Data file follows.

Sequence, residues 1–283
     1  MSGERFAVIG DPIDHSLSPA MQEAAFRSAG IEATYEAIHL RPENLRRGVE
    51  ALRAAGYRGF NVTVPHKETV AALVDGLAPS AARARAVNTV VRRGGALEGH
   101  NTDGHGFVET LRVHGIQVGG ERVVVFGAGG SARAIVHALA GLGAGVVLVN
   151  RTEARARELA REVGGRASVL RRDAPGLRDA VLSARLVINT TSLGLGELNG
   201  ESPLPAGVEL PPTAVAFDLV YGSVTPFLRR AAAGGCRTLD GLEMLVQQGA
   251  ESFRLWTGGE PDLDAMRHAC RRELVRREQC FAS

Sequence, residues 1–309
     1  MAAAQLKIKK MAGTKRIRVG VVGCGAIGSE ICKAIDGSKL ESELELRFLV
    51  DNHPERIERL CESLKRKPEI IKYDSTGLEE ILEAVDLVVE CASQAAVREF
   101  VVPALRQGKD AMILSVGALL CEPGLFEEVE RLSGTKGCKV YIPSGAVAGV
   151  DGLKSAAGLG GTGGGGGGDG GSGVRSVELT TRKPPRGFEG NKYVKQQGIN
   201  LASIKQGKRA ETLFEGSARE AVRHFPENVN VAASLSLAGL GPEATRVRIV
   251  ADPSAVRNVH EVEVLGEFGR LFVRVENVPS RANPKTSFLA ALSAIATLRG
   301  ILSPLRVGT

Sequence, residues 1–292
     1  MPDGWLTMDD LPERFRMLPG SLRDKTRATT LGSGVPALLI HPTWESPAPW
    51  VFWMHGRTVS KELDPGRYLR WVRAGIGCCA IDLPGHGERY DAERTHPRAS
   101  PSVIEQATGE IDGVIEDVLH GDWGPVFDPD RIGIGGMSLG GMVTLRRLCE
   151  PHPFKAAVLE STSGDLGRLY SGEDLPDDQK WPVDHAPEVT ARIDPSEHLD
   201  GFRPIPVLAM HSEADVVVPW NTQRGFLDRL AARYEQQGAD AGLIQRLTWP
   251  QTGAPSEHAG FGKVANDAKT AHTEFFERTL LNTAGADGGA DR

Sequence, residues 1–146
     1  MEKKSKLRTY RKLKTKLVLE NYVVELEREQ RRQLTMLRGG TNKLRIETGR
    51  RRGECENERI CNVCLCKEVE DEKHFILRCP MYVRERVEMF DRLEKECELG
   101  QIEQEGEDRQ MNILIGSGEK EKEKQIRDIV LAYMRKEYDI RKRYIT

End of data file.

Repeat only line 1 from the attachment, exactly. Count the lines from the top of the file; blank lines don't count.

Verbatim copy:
Sequence, residues 1–283